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Tuesday, September 8, 2009

Homemade Naan

I really like Indian food, especially Chicken Tikka Masala. The only thing is that I prefer dark meat chicken in my curry, but most Indian Restaurants cater to the American palate and use white meat chicken. Unless the chicken is really well prepared, I find white meat chicken pretty dry. Since I have no confidence in my Indian food cooking skills, plus I'm just lazy, Indian food involves alot of prep and tons of spices ... I buy Maya Kaimal Simmer Sauces to make Indian curry. My boyfriend and I have gone through and tried every flavor, but our favorite is the Tikka. To make it a bit spicier, we add in a chopped jalapeno to our mix of chicken thigh chunks, onions, and extra garlic.

Since we both prefer naan over rice, I recently decided to try making homemade naan. The dough itself is very simple to make. Pretty similar to pizza dough. But its a bit harder to make the naan. Its stickier, so its hard to work with. And, you need to fry each one on the pan separately, so it can be pretty time consuming if you want to make a big stack of naan.

Naan Recipe

1/2 package dry active yeast
1/2 cup warm water
2 T white sugar
2 T milk*
1 egg beaten
2 C all purpose flour
1 clove garlic minced
2 T butter**
butter/oil for cooking

Mix yeast into warm water, allow to incubate until frothy, about 10 minutes

Mix the yeast/water into sugar, milk,egg, flour mixture. Usually, my doughs are too wet, so add extra flour until it makes a soft dough that comes together but doesn't stick to your hands too much. You don't want to add too much flour or the dough will be dry and tough. Knead for 6-8 minutes.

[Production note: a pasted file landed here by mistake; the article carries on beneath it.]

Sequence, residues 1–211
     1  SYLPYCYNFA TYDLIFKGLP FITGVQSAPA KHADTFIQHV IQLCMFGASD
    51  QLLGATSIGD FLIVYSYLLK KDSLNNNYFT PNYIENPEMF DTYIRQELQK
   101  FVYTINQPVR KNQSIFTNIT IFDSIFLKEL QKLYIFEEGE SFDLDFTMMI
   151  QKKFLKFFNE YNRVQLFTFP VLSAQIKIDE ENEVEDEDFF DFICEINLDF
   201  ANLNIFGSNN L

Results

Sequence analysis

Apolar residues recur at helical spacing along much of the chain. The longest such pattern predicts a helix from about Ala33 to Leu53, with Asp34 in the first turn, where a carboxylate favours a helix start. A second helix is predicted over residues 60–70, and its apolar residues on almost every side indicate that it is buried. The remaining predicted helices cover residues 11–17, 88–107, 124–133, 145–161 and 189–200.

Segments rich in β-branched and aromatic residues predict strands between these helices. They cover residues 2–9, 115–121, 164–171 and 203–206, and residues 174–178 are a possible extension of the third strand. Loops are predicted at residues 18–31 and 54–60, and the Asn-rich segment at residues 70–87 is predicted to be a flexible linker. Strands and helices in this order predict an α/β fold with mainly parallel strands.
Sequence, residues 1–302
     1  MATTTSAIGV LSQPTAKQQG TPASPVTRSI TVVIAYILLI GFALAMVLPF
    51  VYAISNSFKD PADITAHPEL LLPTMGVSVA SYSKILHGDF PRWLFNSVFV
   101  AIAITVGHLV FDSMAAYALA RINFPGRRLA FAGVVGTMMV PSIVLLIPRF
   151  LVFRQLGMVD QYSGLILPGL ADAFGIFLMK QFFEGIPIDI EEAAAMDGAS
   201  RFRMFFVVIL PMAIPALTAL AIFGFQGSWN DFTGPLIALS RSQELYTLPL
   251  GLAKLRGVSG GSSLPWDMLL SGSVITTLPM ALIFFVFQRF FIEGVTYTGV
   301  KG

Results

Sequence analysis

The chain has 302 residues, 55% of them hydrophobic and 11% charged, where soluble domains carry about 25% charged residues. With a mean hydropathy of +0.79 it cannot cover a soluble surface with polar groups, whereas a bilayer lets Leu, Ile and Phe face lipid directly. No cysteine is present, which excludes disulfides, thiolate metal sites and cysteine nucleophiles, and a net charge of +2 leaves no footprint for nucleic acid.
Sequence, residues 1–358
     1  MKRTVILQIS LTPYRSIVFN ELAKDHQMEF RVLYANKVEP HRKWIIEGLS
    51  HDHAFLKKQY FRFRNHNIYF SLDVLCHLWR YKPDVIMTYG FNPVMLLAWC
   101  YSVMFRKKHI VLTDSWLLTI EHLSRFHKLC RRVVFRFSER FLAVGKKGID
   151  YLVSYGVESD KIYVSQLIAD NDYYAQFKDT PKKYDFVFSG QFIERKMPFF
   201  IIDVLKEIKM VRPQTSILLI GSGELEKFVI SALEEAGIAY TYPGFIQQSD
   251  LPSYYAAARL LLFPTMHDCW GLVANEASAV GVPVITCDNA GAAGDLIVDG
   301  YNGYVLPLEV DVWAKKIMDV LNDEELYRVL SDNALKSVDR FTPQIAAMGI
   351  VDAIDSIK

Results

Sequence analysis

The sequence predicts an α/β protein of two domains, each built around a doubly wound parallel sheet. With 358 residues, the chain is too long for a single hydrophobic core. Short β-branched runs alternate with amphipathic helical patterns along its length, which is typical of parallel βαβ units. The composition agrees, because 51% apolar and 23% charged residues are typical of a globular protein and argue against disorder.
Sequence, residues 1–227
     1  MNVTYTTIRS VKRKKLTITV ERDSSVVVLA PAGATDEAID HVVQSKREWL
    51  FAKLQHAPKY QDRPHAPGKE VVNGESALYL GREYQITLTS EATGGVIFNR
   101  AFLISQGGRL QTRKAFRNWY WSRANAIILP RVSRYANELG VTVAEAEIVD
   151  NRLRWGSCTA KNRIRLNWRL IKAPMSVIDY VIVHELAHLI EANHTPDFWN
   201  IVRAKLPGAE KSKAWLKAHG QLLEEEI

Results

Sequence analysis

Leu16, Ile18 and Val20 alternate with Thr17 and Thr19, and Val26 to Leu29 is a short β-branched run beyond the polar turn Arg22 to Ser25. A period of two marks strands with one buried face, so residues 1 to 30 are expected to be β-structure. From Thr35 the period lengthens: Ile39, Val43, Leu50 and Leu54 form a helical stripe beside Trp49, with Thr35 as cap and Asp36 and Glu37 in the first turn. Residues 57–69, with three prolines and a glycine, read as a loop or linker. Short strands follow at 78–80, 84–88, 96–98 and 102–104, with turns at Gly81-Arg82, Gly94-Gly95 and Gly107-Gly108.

Place in oiled bowl and cover with clean damp towel. Allow to rise until doubled in size. About 1 hour.

Punch down dough and break into about golf sized balls. Melt 2T butter with the chopped garlic in the microwave for approximately a minute. To cook the naan, heat a frying pan over medium high heat with a mixture of butter and oil. Roll out each ball of dough on a flat surface with flour on the outside of the dough and on the surface and the rolling pin to keep it from sticking, it sticks really easily. Try not to add too much flour at this point, since it will make your naan taste floury and dry. Roll it out as thin as possible. Fry it on the pan on one side for 2-4 minutes, it should start forming bubbles in the dough (this is caused by moisture in the dough forming steam pockets in the naan). Drizzle the the top with the melted butter (no garlic cuz it'll burn on the pan), flip, and fry another 2-4 minutes. Where the bubbles were should form nice dark spots like naan at Indian Restaurants.

*The original recipe calls for milk, but I just used half and half cuz thats what I have around for my coffee. It makes the naan very rich tasting. Yum!
**I'm sure real naan uses ghee (clarified butter), but once again, I'm lazy. I don't know the difference enough to make an extra effort to clarify my butter!


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